Definition of a Hazardous Waste

Posted by author Richard Espinoza on Wed, Dec 09, 2015

Manufacturers and other industries generate a variety of different wastes in the form of solid, liquid, gas, and a combination of the three. Generally, a waste consists of any product that is no longer needed or that can no longer be used for its intended purpose. Based on its effects, waste from businesses may be classified as either hazardous or non-hazardous. 

Hazardous waste describes a waste that has the characteristics that make it potentially harmful or dangerous to the human health or the environment. In the United States, 70 percent of hazardous waste is generated by the chemical and petroleum industries. However, the spectrum of hazardous waste production is large and diverse. Both large and small generators produce solids, liquid, gas, sludge, and other byproducts through manufacturing processes, disposal of unused materials or getting rid of unused commercial products.

Under the authority of the Resource Conservation and Recovery Act (RCRA). EPA's regulations establish two ways to determine the definition of a hazardous waste. Hazardous waste can be found on four hazardous wastes lists— F - list, K - list, P - list, or U - list or determined by applying the four characteristics of hazardous wastes.

The Hazardous Waste Listings

Each of the hazardous waste listings contain anywhere from 30 to hundreds of waste streams. The waste on the lists has an assigned waste code, which consists of the letter associated with the listing and followed by three numbers.

F Listed Hazardous WastesThese waste products are known as “non-specific source wastes”, and consist of particular solid wastes from identified manufacturing and industrial processes. Rather than reference to specific industries, the F listing contains seven groups of hazardous waste as a result of processes:

  1. Spent solvent wastes (F001 - F005)
  2. Electroplating and other metal finishing wastes (F006 - F012, and F019)
  3. Dioxin-containing wastes (F020 - F023 and F026 - F028)
  4. Chlorinated aliphatic hydrocarbons production wastes (F024 and F025)
  5. Wood preserving wastes (F032, F034, and F035)
  6. Petroleum refinery wastewater treatment sludge, (F037 and F038)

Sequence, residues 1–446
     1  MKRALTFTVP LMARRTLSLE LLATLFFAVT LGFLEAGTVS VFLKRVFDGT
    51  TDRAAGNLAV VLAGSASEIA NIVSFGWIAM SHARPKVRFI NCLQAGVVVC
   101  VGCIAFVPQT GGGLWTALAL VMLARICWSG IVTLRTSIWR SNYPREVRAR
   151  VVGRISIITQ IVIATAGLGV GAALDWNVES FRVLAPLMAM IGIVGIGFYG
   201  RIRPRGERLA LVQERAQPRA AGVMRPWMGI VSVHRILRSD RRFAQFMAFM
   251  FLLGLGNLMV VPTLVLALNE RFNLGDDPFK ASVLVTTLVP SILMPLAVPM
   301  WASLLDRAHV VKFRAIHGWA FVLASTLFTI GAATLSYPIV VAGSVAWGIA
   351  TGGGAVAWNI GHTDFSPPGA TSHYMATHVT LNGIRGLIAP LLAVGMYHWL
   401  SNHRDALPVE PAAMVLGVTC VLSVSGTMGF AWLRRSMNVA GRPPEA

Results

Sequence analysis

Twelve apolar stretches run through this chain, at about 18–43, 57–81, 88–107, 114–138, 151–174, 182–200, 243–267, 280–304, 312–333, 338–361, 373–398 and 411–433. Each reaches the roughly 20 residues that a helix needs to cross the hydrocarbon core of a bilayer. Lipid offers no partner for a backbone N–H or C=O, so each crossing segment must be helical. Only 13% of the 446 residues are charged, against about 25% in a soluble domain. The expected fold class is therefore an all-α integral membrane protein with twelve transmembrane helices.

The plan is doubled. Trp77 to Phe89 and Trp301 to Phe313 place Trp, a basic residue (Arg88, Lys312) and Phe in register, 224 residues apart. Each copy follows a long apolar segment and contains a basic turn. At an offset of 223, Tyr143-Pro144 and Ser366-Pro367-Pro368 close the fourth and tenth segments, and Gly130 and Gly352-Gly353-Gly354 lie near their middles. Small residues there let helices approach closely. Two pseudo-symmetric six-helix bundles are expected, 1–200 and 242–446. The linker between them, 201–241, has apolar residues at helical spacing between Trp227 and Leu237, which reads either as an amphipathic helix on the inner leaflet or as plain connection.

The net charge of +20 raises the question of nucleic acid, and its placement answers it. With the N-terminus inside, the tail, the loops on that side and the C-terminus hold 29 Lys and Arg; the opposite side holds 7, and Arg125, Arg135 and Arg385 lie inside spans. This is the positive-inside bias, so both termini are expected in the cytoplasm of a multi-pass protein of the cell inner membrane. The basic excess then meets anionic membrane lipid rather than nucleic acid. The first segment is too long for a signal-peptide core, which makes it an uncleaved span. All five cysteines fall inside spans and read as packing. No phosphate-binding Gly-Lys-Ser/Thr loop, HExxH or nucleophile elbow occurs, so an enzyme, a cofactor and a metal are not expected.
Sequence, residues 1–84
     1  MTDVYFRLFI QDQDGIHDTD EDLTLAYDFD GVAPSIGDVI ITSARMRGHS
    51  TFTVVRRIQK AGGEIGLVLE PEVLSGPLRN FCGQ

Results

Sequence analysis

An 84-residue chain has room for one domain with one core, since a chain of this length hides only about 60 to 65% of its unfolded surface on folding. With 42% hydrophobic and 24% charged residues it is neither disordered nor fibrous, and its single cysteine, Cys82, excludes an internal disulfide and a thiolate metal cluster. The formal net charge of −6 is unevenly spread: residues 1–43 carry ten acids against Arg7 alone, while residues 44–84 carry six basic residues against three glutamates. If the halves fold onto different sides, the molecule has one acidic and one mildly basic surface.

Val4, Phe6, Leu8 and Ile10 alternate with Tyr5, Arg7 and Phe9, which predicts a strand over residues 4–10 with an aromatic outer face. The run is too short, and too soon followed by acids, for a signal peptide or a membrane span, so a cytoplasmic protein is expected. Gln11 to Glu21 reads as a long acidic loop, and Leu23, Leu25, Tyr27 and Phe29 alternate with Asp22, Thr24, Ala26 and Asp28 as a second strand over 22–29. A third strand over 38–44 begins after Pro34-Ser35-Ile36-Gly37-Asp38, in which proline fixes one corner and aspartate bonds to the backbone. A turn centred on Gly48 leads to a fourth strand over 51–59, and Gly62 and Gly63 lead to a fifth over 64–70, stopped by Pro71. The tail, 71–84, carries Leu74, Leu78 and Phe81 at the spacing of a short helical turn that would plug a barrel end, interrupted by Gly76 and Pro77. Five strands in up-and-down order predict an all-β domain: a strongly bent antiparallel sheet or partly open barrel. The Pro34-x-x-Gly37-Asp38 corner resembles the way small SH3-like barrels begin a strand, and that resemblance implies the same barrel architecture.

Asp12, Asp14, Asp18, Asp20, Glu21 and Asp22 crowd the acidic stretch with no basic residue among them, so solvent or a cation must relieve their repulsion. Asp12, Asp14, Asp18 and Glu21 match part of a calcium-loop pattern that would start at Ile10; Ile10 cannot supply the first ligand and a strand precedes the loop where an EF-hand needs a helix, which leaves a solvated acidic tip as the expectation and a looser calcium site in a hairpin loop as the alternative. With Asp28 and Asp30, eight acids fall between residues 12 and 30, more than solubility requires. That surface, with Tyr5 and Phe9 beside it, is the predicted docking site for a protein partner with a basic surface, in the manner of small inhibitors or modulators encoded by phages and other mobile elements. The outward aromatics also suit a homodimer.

7. Multi-source leachate (F039)

You can find further information about the F listing in 40 CFR §261.31(a).

K Listed Hazardous WastesThis group of hazardous wastes consist of “source -specific wastes” or waste from certain specific industries. This classification contains the following 13 subgroups:

Wood preservation (K001)

  1. Inorganic pigment manufacturing (K002 - K008)
  2. Organic chemicals manufacturing (K009 - K011, K013 - K030, K083, K085,
  3. K093 - K096, K103 - K105, K107 - K118, K136, K149 - K151, K156 - K159, K161, K174 - K175, and K181)
  4. Inorganic chemicals manufacturing (K071, K073, K106, and K176 - K178)
  5. Pesticides manufacturing (K031 - K043, K097 - K099, K123 - K126, and K131 - K132)
  6. Explosives manufacturing (K044 - K047)
  7. Petroleum refining (K048 - K052, and K169 - K172)
  8. Iron and steel production (K061 and K062)
  9. Primary aluminum production (K088)
  10. Secondary lead processing (K069 and K100)
  11. Veterinary pharmaceuticals manufacturing (K084 and K101 - K102)
  12. Ink formulation (K086)
  13. Coking (K060, K141 - K145, and K147 - K148)

P and U Listed Hazardous WastesBoth of these hazardous waste listing deal with certain commercial chemical products or CCPs that are discarded or intended to be discarded. The P and U listed categories contain generic names of chemicals, off-specification products, chemical spills and container residues. The primary difference between the two lists is that the P list identifies acute hazardous wastes and the U list identifies toxic wastes.

Characteristics of Hazardous Wastes

Some waste streams may not be contained within the four lists. However, your business has the responsibility to determine if waste streams generated from their operation exhibits any of the four characteristics of a hazardous waste, which are:

  • Ignitable — This type of waste, which includes waste oils and used solvents, can lead to fires under certain conditions, create spontaneous combustion, or has a flash point at certain temperature.
  • Corrosivity — Corrosive wastes consist of materials such as solids comprised of acids or bases, or generates alkaline or acidic solutions, or liquid waste that may corrode metal containers.
  • Reactivity — This property refers to wastes that are “reactive or unstable under normal conditions, which could cause explosion or release toxic fumes, gases, or vapors under certain conditions.
  • Toxicity — Toxic wastes refer to wastes that are harmful or fatal when absorbed or ingested . Examples are wastes that contain DDT, PCBs, mercury, and lead.

To make a hazardous waste determination involves a complex task that is critical part of the hazardous waste rules Whether you are a large generator or small generator, the management of your waste stream must comply with regulations, which are strictly enforced by the Environmental Protection Agency (EPA) and the appropriate state agency.

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